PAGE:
The second section includes the actual return of the murdered girl, now nearly 20, to the house, to Sethe and her surviving sister, and is the forward motion of the story. They do not suspect her identity at first. Paul D has seen plenty of “odd clusters and strays of Negroes wander[ing] the back roads and cowpaths from Schenectady to Jackson. Dazed but insistent, they search each other out for word of a cousin, an aunt, a friend who once said, ‘Call on me’.” Beloved must surely be one of those “strays”. Soon, however, the inhabitants of 124 come to realise that Beloved knows too much, and her presence in their lives is far from random. Beloved is home. What happens to this family in the last section of the novel as the result of Beloved’s return with all her pain and all her unresolved trauma and anger is the driver of the rest of this story, a trauma that stands in for the trauma of multitudes and generations.
The story is told through flashbacks, with multiple points of view, and, when I read beloved the first time I was like a pre-language baby reading it. I was willing to follow Toni Morrison’s voice but only partly understanding the lyricism, the time shifts, the fractured language, and dream-like sequences. Morrison did not write fairy tales, but her characters believe in the magic of the other world that abuts our own, the permeable membrane of that world of spirit in constant contact and conversation with our usual plane of existence. Over years and many readings, I have acquired layers of her meaning and intention about family, slavery, memory, misogyny, and the persistence and insistence of the past.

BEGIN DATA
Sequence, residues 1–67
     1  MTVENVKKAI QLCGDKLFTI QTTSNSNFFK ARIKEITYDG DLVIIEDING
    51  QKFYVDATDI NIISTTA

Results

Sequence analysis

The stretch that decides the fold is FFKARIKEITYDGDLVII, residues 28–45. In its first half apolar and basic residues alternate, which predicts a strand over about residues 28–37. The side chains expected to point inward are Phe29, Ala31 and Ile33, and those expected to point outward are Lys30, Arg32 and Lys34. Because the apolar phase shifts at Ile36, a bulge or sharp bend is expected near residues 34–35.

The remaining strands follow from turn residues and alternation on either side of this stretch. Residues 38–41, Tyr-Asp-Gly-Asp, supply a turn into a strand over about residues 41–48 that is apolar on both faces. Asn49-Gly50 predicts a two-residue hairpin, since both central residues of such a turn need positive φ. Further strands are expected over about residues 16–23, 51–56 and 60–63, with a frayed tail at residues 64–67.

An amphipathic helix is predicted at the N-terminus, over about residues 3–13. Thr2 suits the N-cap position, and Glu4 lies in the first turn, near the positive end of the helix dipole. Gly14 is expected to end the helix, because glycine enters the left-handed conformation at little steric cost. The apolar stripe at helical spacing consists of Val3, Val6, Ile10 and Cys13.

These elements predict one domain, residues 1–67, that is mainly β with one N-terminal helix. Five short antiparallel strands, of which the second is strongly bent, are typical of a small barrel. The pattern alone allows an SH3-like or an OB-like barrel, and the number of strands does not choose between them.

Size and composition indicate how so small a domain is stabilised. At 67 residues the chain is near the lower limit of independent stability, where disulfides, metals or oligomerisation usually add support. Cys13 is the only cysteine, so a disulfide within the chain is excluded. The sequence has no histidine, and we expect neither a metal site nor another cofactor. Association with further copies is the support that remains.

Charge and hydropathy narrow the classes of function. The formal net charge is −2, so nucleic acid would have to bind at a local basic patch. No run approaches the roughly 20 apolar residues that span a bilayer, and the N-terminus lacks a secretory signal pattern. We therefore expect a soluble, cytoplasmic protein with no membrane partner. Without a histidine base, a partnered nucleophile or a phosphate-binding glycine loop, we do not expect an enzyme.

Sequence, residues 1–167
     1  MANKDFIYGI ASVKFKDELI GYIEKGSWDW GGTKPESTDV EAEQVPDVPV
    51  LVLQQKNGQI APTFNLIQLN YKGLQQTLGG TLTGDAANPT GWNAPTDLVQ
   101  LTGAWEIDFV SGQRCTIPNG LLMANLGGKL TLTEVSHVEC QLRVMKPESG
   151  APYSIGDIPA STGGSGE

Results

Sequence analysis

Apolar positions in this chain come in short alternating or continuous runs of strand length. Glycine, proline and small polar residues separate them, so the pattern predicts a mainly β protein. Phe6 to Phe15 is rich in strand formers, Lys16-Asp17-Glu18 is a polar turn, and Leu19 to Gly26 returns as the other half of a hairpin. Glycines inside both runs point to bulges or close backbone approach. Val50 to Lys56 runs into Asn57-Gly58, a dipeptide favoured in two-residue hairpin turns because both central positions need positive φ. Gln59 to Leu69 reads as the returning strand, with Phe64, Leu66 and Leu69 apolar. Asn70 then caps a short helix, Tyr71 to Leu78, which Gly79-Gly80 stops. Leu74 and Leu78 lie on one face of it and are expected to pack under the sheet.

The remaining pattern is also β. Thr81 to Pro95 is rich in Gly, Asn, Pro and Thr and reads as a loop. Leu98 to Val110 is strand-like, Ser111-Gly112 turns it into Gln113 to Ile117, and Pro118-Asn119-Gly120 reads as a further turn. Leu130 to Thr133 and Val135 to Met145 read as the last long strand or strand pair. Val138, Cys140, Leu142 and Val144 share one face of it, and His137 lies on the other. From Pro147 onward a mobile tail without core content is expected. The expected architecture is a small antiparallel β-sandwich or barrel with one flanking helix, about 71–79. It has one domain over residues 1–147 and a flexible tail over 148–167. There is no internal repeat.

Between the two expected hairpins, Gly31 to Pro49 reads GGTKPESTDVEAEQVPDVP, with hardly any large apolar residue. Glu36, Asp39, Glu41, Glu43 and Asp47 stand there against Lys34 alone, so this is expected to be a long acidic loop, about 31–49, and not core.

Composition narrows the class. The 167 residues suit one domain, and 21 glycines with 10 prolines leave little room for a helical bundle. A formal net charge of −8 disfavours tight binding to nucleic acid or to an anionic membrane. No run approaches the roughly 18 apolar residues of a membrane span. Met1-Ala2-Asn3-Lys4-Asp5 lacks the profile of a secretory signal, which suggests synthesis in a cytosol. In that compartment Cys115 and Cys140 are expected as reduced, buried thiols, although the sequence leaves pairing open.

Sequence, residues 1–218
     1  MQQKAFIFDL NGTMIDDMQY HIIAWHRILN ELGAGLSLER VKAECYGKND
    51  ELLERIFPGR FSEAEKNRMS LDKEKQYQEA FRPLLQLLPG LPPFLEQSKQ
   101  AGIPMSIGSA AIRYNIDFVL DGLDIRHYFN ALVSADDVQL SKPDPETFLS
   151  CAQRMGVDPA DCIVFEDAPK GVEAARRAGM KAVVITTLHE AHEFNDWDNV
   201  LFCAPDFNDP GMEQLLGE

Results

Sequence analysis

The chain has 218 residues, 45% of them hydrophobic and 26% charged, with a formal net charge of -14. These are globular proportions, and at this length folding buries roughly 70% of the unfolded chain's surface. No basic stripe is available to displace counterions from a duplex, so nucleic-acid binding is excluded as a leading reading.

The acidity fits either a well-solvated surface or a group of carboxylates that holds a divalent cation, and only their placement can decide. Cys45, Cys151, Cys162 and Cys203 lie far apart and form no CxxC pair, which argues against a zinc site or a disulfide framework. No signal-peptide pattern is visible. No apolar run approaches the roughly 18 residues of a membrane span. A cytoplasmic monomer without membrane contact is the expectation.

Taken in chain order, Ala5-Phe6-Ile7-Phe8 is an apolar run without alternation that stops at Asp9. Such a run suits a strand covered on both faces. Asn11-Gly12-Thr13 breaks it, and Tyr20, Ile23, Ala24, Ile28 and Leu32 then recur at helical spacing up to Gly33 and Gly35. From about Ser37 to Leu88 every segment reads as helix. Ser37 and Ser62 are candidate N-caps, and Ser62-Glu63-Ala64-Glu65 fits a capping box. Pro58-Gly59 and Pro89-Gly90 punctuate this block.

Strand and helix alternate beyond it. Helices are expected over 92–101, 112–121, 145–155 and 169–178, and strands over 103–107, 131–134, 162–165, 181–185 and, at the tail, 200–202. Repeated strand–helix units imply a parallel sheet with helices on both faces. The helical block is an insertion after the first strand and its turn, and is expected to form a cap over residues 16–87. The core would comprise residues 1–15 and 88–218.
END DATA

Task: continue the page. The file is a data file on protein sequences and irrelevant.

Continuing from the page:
Beloved, a young woman, clingy and angry, reminded me of myself, both of us at the tail end of our adolescence, both needing something we couldn’t name from our people, both looking for some damn body to pay attention. Morrison’s stories of the honest struggle of living, of squalor and occasional abundance, of every kind of pain, did not centre on pathology or educating white readers, but on the characters’ ability or not to successfully navigate their circumstances. For Morrison’s Beloved part of these circumstances are certainly structural racism and the legacy of slavery. However, Beloved is the story of a family who negotiate their lives of accommodation and survival with pragmatism about what cannot be changed, with their great or limited resources as they are able, and as the situation demands. They get to be themselves carrying on like the individuals they are.